In idea submission case, district court grants summary judgment in favor of toy company Hasbro, holding that plaintiff’s general “mash-up” board game idea lacked novelty and that his rebuttal of evidence that Hasbro independently developed its Connect 4/NERF mash-up game was speculative and could not defeat summary judgment.
Plaintiff David Wexler, a professional toy inventor whose father invented the popular game Connect 4, pitched various ideas for toys and board games to Hasbro Inc., a global toy and game company, between 2007 and 2015. One of those ideas was for “mash-ups” of various Hasbro-branded games such as Monopoly/Trouble and Jenga/Twister. Separately, plaintiff pitched an idea for a specific mash-up game that would combine Connect 4 game play with NERF guns, in which players would use NERF projectiles to shoot four in a row on a Connect 4-inspired vest. After considering each idea, Hasbro ultimately passed on both. In 2019, Hasbro began selling a line of products called “game mash+ups,” featuring combinations of classic Hasbro games such as Monopoly/Jenga and Candy Land/Connect 4. None of Hasbro’s mash-ups matched the specific game combinations that plaintiff pitched. Hasbro also began selling a game called Connect 4 Blast!, involving a stand-alone Connect 4 grid from which players would dislodge discs using a NERF gun. Plaintiff sued Hasbro for breach of implied contract, misappropriation, unfair competition and unjust enrichment. The court granted summary judgment in favor of the game company, dismissing all of plaintiff’s claims.
The district court first observed that each of plaintiff’s four claims requires proof that his idea is novel and that Hasbro used the idea unlawfully.
The court distilled plaintiff’s general mash-up game idea into four elements: “(1) each product in the collection combines elements of game play from two preexisting products; (2) the products involved are Hasbro classics that invoke consumer nostalgia and good-will; (3) the names of the products in the collection utilize the preexisting names of the component products; and (4) the collection involves a line of products.”
On the novelty issue, the court looked at several factors, including (1) whether the idea is a generic concept or one of specific application, (2) how many people know of the idea, (3) how different the idea is from generally known ideas and (4) how commercially available the idea is. On the first factor, the court reasoned that the four elements of plaintiff’s mash-up idea were merely general descriptions of what a product line could look like, especially because Hasbro did not develop any of plaintiff’s specific game combinations. On the remaining factors, the court reasoned that combining play elements from existing games into a new game was common and commercially available in the toy industry. In particular, the court noted, plaintiff admitted that this concept was “one of the most longstanding and ubiquitous game design techniques in the industry.”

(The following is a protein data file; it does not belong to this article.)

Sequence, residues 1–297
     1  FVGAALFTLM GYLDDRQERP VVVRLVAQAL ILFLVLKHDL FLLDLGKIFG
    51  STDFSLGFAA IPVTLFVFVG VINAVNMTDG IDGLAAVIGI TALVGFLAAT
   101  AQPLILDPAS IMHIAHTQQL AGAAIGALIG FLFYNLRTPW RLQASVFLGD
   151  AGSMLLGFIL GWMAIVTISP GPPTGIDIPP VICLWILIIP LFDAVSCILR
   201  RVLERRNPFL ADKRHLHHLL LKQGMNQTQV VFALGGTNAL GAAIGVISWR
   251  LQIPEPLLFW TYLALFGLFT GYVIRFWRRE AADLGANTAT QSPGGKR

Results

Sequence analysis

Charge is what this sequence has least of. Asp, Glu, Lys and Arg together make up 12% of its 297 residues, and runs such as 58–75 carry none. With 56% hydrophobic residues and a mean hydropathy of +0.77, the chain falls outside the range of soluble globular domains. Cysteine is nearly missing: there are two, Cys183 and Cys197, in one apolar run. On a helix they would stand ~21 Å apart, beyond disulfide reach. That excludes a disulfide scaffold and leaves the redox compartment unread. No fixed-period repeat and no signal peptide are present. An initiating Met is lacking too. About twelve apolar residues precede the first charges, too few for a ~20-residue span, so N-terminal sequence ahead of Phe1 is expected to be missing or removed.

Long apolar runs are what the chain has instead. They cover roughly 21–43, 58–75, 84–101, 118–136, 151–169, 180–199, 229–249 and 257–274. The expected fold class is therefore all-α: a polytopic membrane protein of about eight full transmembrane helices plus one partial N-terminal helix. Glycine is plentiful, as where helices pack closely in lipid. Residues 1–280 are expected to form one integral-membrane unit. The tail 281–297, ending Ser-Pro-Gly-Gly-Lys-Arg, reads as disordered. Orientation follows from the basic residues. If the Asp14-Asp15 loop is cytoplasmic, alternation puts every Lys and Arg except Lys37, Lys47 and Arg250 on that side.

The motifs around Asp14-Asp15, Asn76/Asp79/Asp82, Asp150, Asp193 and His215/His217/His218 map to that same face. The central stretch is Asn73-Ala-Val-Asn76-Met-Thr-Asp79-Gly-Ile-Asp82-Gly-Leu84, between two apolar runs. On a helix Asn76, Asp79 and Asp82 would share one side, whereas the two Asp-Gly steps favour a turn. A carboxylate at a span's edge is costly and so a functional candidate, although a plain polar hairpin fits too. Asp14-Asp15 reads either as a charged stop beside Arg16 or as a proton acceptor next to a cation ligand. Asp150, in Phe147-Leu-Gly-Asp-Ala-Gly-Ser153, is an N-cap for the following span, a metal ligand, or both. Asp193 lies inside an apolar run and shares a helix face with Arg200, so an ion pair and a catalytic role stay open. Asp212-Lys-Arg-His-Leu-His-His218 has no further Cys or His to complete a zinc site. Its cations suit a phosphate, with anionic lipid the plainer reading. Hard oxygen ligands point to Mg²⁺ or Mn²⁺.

The district court also reasoned that the second element of plaintiff’s mash-up idea—the use of Hasbro classics that invoke nostalgia and good will—lacked novelty because Hasbro had sold new versions of its classic games in the past. The third element of plaintiff’s idea was also not unique, because capitalizing on brand equity by using the names of preexisting products on new products is common in the industry. Finally, the court reasoned that inventors commonly present their proposed concepts in the context of product lines and thus the fourth element of plaintiff’s mash-up idea was also unoriginal. The court ultimately concluded that no material issue of fact existed as to whether plaintiff’s combination of these four elements was novel, and granted summary judgment in favor of Hasbro on plaintiff’s general mash-up idea.
Turning to plaintiff’s specific Connect 4/NERF idea, the court held that plaintiff failed to raise a question of fact as to whether Hasbro used his idea in creating its game Connect 4 Blast! Each of plaintiff’s four claims required proof of some nexus between his disclosure of his idea and Hasbro’s use of that idea, and unrebutted evidence that Hasbro independently developed its own idea would also be fatal. Hasbro presented evidence that one of its game designers independently developed Connect 4 Blast! in 2019 without knowledge of plaintiff’s idea. Attempting to rebut Hasbro’s evidence, plaintiff argued that his idea may have been shared internally among Hasbro employees after his initial pitch meeting in 2015 and claimed that Hasbro had a general practice of employee collaboration in game creation. The court concluded that plaintiff’s rebuttal evidence was speculative at best and insufficient to raise a question of fact for trial.
Summary prepared by Sarah Schacter and Marwa Abdelaziz